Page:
The symbol now known internationally as the “peace symbol”, or alternatively as the nuclear disarmament symbol, or the CND symbol originates as a symbol representing the threat of nuclear annihilation used in British anti-nuclear activism from 1958. It was widely adopted in the US American anti-war movement in the 1960s and was re-interpreted as generically representing world peace.

The design is meant to represent the letters “N” and “D” — standing for “nuclear disarmament” — as they appear in the semaphore alphabet, which is used by sailors to communicate from a distance with flags / Image: CNN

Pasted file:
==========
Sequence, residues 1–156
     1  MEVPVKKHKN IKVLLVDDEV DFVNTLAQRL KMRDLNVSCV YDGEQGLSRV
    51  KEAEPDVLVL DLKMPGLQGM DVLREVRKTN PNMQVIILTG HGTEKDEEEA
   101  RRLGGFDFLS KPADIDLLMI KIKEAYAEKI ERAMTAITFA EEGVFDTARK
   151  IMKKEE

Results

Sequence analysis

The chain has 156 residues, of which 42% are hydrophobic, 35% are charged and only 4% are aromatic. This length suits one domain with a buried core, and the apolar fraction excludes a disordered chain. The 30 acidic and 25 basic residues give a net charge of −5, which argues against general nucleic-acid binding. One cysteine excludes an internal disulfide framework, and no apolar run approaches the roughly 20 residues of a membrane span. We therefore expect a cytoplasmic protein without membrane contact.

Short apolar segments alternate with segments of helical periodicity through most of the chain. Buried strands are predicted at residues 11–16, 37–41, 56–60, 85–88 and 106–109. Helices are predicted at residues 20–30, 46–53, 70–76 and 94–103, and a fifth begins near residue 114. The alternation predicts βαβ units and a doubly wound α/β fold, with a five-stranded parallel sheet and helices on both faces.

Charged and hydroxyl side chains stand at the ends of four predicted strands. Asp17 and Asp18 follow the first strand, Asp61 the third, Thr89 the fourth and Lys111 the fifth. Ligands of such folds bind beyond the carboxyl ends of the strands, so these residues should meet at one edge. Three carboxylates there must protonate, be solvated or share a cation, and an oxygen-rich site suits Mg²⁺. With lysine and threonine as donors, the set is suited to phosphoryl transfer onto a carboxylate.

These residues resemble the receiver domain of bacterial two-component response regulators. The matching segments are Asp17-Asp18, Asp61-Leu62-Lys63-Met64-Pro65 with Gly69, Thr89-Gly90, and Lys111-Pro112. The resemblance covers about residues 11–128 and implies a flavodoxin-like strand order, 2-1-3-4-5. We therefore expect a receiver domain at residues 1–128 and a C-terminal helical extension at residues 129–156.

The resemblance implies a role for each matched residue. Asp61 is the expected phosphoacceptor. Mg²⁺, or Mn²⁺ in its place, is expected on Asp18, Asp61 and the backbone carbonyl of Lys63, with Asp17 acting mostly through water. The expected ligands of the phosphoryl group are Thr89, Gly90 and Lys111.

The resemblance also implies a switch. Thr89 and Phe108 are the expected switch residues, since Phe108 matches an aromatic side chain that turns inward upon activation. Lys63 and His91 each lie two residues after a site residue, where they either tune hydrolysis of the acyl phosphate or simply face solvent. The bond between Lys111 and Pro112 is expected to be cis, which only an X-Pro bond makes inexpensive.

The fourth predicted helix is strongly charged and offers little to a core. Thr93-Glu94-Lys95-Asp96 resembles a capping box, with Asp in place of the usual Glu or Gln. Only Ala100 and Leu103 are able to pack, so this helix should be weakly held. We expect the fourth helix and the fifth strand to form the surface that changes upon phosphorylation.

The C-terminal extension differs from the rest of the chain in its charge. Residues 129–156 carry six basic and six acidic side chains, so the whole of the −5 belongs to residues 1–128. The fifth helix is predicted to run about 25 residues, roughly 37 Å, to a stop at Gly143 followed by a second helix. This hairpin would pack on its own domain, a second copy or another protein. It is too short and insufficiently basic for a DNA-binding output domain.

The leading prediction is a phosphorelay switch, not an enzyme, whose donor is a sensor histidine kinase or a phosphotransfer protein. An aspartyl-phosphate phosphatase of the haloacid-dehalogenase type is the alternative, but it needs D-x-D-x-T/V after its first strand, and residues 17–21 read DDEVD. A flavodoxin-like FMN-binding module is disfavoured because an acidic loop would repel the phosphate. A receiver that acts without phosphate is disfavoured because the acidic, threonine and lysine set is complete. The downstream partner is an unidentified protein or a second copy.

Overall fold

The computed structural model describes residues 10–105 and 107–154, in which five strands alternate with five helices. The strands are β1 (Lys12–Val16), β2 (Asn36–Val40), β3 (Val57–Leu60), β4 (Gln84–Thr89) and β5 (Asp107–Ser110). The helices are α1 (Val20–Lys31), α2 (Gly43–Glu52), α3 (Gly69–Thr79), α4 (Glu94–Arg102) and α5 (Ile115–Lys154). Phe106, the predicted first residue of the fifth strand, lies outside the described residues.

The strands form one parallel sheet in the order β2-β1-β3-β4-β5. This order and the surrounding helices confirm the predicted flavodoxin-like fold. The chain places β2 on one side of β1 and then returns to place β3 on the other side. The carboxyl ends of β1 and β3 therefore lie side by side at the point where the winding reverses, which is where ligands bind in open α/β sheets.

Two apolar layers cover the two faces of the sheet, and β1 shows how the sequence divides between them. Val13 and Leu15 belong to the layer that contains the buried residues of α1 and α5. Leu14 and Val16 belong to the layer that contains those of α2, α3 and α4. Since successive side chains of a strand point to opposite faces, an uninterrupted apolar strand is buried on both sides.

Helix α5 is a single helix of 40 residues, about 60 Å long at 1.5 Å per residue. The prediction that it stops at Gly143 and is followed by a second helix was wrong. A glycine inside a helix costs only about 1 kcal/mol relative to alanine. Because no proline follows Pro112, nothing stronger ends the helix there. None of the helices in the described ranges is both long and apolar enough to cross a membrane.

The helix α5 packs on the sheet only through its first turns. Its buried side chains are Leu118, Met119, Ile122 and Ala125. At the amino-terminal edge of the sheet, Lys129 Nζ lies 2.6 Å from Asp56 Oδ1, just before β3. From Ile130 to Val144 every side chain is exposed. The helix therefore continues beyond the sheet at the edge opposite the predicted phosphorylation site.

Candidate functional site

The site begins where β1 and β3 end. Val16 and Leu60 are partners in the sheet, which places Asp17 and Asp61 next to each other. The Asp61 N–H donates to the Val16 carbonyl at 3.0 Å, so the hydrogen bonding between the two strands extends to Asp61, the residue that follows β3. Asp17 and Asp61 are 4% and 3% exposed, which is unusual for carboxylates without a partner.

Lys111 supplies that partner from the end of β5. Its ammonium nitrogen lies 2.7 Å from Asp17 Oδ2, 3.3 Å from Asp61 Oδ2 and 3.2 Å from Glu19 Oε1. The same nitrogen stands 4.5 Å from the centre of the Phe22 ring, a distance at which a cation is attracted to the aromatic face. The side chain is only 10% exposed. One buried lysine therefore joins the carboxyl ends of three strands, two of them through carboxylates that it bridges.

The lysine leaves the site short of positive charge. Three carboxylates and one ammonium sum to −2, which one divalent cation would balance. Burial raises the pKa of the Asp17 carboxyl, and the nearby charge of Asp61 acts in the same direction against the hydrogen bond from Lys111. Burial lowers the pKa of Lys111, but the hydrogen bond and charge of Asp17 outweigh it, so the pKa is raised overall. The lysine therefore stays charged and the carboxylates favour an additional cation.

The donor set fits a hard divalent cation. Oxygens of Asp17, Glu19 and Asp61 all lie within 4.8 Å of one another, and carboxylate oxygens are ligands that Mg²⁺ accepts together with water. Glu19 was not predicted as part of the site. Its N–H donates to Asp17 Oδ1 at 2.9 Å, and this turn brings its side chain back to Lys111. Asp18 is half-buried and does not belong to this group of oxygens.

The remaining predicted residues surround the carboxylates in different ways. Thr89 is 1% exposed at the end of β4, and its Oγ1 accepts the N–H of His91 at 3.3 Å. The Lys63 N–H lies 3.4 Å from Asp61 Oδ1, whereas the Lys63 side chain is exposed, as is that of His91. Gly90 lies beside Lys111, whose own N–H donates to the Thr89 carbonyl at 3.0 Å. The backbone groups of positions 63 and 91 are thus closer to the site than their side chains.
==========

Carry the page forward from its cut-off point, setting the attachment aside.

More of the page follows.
The symbol was designed by Gerald Holtom for the British nuclear disarmament movement. Holtom, an artist and designer, presented it to the Direct Action Committee on 21 February 1958 where it was “immediately accepted” as a symbol for a march from Trafalgar Square, London, to the Atomic Weapons Research Establishment at Aldermaston in Berkshire on 4 April.


Featured Image: Gerald Holtom’s early sketch for the nuclear disarmament symbol from 1958, on display at the Imperial War Museum in London / Image: Commonweal Collection

Websites: iwm.org.uk



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